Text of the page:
This week’s best headline is from the BBC News science desk:
The research uses a long record of great tits in a breeding site at Wytham Woods near Oxford, where observations began in 1947.
The internet is abuzz over the latest mathematical proof by Tomas Rokicki, former HP Lab researcher.
This article posted to SlashDot provoked a huge response:
A scrambled Rubik’s cube can be solved in just 25 moves, regardless of the starting configuration. Tomas Rokicki, a Stanford-trained mathematician, has proven the new limit (down from 26 which was proved last year) using a neat piece of computer science. Rather than study individual moves, he’s used the symmetry of the cube to study its transformations in sets. This allows him to separate the ‘cube space’ into 2 billion sets each containing 20 billion elements. He then shows that a large number of these sets are essentially equivalent to other sets and so can be ignored. Even then, to crunch through the remaining sets, he needed a workstation with 8GB of memory and around 1500 hours of time on a Q6600 CPU running at 1.6GHz. Next up, 24 moves.
Good work Tom!
It figures though – you do cutting edge research for years at a top industrial lab, and nobody notices.
Prove how to solve Rubik’s cube, and now you’re a rock star.
The Space Shuttle Endeavour took off on August 8 for a two week mission to work on the International Space Station. It was a perfect liftoff for STS-118, to the relief of all of us watching.
I have a special interest in this shuttle mission, since it carries Canadian astronaut Dave Williams on his second flight into space. Dr. Williams is a Mission Specialist on this flight, and will be making at least 3 space walks to work on the ISS. (A total of about 19 hours!) Dave first flew on shuttle Columbia in 1998, as flight surgeon.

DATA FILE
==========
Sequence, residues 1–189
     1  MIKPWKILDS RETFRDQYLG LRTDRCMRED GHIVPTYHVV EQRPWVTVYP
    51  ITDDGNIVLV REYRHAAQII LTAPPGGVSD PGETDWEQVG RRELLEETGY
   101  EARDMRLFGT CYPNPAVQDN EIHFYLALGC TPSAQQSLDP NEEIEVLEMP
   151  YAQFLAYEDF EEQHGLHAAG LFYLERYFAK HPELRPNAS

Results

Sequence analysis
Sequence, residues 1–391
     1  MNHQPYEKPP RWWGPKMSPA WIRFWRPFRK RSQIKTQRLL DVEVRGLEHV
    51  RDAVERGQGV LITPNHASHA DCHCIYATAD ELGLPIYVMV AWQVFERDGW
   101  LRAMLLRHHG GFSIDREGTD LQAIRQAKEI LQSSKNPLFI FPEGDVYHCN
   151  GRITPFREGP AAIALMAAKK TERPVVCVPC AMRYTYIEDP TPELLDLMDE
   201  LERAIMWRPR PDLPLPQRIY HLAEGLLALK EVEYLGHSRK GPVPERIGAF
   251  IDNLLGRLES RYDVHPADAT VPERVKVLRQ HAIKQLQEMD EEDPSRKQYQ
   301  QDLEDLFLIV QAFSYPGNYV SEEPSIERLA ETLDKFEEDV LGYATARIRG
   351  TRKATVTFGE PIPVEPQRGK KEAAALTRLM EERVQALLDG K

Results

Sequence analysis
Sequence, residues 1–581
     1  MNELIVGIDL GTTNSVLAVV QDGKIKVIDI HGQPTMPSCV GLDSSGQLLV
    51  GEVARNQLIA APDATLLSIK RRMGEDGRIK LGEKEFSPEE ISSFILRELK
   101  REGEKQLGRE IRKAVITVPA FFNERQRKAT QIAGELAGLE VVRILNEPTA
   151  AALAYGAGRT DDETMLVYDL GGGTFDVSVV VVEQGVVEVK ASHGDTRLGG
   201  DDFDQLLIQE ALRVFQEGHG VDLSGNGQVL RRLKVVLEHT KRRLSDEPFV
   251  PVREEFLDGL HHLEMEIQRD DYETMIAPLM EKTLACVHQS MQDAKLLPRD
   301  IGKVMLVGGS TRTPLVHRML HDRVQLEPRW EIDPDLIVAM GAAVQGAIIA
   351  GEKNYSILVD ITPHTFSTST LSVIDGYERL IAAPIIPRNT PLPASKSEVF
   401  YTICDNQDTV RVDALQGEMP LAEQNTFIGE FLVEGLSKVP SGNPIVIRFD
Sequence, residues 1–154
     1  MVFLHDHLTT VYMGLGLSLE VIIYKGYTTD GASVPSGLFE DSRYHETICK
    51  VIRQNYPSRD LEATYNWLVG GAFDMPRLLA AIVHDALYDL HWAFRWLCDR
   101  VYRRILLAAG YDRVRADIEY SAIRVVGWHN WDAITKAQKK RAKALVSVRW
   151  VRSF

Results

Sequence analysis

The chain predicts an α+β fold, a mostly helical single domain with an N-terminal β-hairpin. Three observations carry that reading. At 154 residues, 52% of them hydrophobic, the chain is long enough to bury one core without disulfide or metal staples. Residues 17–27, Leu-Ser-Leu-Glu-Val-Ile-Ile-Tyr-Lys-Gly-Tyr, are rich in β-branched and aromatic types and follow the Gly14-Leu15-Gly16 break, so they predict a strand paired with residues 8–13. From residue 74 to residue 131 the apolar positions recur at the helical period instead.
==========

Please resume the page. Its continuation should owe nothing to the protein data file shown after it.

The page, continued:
Dave Williams is also a home-town boy. I first met him at my high school reunion in 2004. Dave did not attend my school – but his wife Cathy did. And she and my sister have stayed friends since then. In fact, my sister and brother in law traveled down to Florida in 1998 to watch Dave’s liftoff.
After seeing the Challenger explosion in 1986, and the Columbia crash in 2003, we all know that space flight is dangerous. Dave knows those risks all too well. He and his fellow astronauts helped recover remains of Columbia, and its crew, after the crash. Those people were their friends and colleagues, and as he described it, it was difficult to deal with their loss. But they all volunteered to help with the recovery. It was all they could do to honor the dead.
It’s now four years later, and NASA is still having problems with ice and foam at liftoff. They’ve tried to change the design of the external fuel tank, but it doesn’t seem to have stopped the problem. At least they know what to look for. Mission control is studying photographs of a couple of deep gouges on Endeavour’s belly, presumably caused by more falling ice.
Of course, I hope that the damage will be easy to repair, and that Dave and his fellow crew members make it back safely after a successful mission. We’ll be watching and waiting for the next few weeks, and cheering them on.
Aviation Week reports that NASA allowed at least 2 astronauts to fly after “heavy use of alcohol”. Even though flight surgeons warned that they were so drunk that they posed a flight risk.
Maybe we should cut them some slack. After all, if I knew I might spend the next 10 minutes as a pretty fireball across the country, I’d be tempted to down a few myself. Besides, what’s the chance that they’d get pulled over anyway?
Another breakthough from MIT this week. Professor Dava Newman has developed a prototype skintight spacesuit for future Mars missions.
Instead of the traditional gas pressurized suit, Newman’s design relies on wrapping tight layers of material around the body. It’s much lighter and more flexible. And as modeled by Prof. Newman, it’s much more flattering too!
The suit is not yet ready for space travel, but the MIT researchers hope to have something usable in “about 10 years”. Maybe by then we’ll also have perfected ray guns and wise-cracking robots. And explorers will roam the solar system just like my boyhood hero, Col. Wilma Deering.